Staffie May Redirect onto Whippet
Over the months the stress both in and between these two 9-year-old dogs has been building up.
Staffie Maddie is almost impossibly noisy, pushy, barking and jumping up when the lady owner has guests – if she is allowed to join them at all – and little Misty, a Terrier Whippet cross, is also very vocal but with more obvious fear. People can’t hear themselves speak. The way they try to calm Maddie is to do as she demands and keep stroking her as she lies beside them. Not only is it giving her a very good reason to behave like this, but also, even while she is being given the attention she’s demanding, she is getting more and more worked up!
When I initially arrived Misty came through alone and she was quiet, relaxed and sniffing. It was only when Maddie rushed in that she, too, started to bark at me. Once little Misty has stopped barking, she watches Maddie. Sometimes she shakes. Maddie intimidates her when she’s like this. See how anxious she looks.
Maddie’s stress levels are extreme much of the time. Small things set her off. This is now increasingly being redirected onto Misty and there have been a couple of incidents, one resulting in blood.
Ten days ago I went on a fascinating weekend seminar by Dr. Susan Freidman about behaviour, consequences and reinforcement. It was like she was sitting on my shoulder. The more noise Maddie makes, the more attention she gets – sometimes scolding sometimes petting – but reinforcement either way. The more anxious Misty becomes, the more attention and fussing that earns also.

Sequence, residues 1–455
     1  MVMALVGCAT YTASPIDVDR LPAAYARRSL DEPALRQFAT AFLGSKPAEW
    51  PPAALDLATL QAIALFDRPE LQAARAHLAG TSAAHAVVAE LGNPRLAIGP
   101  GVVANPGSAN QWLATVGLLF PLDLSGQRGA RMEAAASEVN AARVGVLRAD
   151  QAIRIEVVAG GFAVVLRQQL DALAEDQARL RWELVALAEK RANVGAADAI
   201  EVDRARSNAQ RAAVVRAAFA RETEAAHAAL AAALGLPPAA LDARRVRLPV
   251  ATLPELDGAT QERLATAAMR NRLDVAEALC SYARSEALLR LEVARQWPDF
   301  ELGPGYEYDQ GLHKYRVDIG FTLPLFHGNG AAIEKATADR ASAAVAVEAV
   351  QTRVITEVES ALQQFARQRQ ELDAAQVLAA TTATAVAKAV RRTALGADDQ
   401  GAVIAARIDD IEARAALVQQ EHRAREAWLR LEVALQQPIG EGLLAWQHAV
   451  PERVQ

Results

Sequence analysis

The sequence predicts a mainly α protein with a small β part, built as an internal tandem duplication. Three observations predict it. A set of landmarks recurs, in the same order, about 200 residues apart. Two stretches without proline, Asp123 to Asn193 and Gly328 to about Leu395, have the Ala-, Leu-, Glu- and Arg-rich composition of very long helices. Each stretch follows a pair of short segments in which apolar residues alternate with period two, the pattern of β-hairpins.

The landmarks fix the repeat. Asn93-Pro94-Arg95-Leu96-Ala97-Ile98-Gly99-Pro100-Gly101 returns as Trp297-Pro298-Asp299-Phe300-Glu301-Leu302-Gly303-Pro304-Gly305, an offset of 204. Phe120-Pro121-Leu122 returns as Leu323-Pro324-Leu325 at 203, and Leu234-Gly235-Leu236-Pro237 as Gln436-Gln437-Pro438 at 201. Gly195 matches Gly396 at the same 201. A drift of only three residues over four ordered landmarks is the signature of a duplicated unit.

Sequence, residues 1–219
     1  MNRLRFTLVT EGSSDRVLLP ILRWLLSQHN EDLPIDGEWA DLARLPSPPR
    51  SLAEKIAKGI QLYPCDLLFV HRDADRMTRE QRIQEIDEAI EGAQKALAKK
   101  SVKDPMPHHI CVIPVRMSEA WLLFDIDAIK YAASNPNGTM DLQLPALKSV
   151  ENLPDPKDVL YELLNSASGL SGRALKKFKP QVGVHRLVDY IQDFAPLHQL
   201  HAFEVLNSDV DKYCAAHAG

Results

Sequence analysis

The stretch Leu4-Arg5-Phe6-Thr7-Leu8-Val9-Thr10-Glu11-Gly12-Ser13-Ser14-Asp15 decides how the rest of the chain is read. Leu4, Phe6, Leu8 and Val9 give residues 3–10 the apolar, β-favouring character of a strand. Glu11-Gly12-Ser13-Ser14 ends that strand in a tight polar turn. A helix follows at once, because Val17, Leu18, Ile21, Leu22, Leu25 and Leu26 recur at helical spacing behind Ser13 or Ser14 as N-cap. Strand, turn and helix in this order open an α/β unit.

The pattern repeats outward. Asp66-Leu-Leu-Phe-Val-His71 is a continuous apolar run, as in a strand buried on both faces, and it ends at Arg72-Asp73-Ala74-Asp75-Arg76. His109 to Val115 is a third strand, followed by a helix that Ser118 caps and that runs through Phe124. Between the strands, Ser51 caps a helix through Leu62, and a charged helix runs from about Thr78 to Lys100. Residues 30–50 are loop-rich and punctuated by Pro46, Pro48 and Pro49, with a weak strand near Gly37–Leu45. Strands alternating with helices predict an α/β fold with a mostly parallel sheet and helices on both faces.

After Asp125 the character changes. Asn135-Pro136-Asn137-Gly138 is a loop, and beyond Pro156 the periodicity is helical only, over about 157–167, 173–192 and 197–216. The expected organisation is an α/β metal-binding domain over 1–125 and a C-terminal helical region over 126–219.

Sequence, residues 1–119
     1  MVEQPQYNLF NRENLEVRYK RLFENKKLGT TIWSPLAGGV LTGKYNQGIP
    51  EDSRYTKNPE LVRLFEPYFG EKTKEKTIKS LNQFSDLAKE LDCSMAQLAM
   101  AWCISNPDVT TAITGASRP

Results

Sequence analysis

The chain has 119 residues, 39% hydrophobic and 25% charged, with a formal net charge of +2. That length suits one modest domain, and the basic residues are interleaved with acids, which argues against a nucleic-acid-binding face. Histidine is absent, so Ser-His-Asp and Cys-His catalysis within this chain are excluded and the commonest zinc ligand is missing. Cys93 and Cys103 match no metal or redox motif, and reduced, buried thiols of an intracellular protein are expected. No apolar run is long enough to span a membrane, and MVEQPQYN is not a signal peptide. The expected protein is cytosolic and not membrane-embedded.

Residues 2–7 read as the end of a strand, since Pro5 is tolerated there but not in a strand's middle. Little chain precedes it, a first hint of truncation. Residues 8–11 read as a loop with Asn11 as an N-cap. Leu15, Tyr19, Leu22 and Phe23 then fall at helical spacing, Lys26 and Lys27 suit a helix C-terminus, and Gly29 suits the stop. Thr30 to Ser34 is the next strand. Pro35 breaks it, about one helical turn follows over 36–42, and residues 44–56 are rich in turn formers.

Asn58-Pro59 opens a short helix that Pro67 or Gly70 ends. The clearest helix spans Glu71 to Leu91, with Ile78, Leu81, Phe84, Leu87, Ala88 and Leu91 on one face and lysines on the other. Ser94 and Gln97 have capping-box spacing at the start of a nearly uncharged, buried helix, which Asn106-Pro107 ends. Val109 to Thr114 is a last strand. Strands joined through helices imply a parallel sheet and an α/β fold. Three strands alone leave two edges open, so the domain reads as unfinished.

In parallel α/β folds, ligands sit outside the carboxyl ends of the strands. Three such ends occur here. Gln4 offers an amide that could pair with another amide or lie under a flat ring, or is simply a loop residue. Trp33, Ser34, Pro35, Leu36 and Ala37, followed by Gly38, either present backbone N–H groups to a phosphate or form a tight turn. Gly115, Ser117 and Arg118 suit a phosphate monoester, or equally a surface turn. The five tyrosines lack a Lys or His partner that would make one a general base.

As soon as the lady comes downstairs in the morning, Maddie starts the day by rushing at the gate separating her from Misty and giving her a loud, warning bark. When she comes in from the garden, she noisily demands her breakfast – which she gets. Quite simply, barking works.
Maddie excelled at dog training classes. This is another example where traditional dog training is largely irrelevant, especially if it doesn’t take into consideration the home dynamics. Commands don’t reduce stress. In fact, ‘silence is golden’. Both dogs get a lot of excercise with lovely long country walks.
Whilst I was there Maddie was learning very quickly that the only attention she got from me was when she was still and quiet. She tried so very hard, bless her. She was distracting herself with a bit of displacement scratching and chewing in her efforts to keep calm while she was beginning to understand what was required. I, too, was learning just what level of gentle attention was enough not to break through that fine line and fired her up again. She is so eager to please and only needs to understand what is required, and then for all the humands to be consistent.
It can be so hard for us humans to break our own old habits.